As my examples indicate, the image is by definition always considered more volatile, dangerous, and uncontrollable than written or verbal descriptions, even detailed ones, and so it has always been. In most of these recent cases of visual transgression someone or something—an event or a sight—was released and disseminated, and then quickly withdrawn from view. The eruption of “unlicensed” images into the virtual space of the “news,” coupled with the attendant apparatuses of censorship, raises interesting questions about the nature and terms of transgressive imagery and its relationship to actuality.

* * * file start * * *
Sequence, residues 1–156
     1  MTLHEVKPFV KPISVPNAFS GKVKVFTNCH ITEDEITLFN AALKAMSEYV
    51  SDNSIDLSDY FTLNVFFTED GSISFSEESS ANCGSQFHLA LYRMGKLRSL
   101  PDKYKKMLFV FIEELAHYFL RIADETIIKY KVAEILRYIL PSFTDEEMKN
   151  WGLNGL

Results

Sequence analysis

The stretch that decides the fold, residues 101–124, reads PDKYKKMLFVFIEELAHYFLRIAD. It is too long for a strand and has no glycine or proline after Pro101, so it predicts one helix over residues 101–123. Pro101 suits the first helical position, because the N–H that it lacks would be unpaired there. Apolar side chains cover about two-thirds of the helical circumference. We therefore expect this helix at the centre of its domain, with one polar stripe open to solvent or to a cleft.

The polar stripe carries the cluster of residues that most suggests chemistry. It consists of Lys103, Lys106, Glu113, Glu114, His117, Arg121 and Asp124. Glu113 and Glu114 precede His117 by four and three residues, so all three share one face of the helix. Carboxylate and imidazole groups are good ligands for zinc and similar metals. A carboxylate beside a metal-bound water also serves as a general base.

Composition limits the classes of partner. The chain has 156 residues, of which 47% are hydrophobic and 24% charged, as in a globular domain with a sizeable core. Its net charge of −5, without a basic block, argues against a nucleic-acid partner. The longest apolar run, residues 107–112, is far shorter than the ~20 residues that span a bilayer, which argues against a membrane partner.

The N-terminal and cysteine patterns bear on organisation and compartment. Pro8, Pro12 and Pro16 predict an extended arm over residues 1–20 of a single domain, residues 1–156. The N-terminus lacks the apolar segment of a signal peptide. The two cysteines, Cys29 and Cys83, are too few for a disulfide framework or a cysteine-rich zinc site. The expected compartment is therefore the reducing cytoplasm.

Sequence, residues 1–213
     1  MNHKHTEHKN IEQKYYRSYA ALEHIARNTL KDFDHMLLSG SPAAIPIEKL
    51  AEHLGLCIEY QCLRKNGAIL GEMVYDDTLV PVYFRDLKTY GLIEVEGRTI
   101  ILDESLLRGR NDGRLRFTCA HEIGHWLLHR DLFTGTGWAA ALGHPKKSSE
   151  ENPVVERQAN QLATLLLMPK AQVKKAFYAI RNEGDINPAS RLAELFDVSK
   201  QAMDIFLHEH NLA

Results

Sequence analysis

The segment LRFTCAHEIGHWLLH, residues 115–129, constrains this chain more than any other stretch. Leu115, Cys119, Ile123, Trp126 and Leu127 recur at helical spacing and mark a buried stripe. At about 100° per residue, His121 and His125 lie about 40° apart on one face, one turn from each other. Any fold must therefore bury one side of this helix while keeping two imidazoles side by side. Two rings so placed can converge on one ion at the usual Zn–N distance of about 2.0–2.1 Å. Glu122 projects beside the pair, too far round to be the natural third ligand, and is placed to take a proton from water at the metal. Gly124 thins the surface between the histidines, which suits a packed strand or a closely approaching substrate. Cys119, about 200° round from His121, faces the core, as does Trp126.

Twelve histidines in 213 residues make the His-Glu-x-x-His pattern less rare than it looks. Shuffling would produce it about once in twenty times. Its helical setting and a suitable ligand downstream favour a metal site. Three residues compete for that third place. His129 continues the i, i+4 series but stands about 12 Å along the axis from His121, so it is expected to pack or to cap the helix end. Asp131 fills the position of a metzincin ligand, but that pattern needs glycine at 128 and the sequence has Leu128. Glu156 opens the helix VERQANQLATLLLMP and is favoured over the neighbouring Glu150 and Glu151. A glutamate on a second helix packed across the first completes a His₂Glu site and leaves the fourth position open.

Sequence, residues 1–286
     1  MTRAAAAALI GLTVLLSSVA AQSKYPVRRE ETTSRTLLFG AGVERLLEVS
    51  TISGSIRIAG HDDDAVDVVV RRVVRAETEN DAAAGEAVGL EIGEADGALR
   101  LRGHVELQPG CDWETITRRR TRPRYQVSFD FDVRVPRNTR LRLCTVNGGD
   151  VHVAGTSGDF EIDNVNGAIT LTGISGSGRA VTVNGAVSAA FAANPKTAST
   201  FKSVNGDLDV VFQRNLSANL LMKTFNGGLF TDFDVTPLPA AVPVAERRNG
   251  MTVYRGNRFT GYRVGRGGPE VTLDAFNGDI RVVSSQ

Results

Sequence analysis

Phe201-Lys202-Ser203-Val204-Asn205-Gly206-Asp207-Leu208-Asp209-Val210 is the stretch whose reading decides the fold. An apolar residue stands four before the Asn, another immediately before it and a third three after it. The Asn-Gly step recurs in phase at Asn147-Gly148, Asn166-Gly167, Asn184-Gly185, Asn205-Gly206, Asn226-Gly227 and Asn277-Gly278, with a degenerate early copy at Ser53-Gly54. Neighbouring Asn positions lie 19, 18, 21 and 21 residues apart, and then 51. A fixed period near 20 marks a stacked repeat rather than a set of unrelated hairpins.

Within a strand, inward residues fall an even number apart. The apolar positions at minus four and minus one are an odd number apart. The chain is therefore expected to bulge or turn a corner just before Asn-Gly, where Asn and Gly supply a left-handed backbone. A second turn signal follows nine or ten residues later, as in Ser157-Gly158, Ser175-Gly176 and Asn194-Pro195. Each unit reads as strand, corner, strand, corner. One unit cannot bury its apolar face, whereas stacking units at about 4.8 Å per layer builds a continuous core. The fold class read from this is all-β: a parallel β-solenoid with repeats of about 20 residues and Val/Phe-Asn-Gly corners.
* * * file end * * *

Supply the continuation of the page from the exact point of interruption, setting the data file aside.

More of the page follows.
To think about image wars in the age of digital and analog representation is not only to consider the vicissitudes of censorship, whether post-event or prior (the coffins), but also to reflect on the staging of images. Consider, for example, the Hollywoodian dimensions of the photograph of a flak-jacketed President Bush, pilot’s helmet under his arm, strutting the deck of the USS Lincoln, a much-reproduced image from a year ago. Staging and posing here is so blatant as to border on the comic (despite its presentation by the media as “news,” the category in which photo ops are routinely inserted and framed). But this choreographed—and very expensive—photo op may yet generate new meanings hardly anticipated by the White House and its imagemakers. For like the draped caskets, photographed with pious intention by the hapless Tami Silicio (promptly fired, along with her husband, by the military contractor for which they worked), the image can and does have a life of its own. What work does this picture of a coffin assembly line do in the world into which it was released? Just as the picture of the bodies on the Fallujah bridge signifies different things to occupiers and occupied, to those supporting or opposing the war, the meanings of images may escape the control of the parties and institutions that deploy them.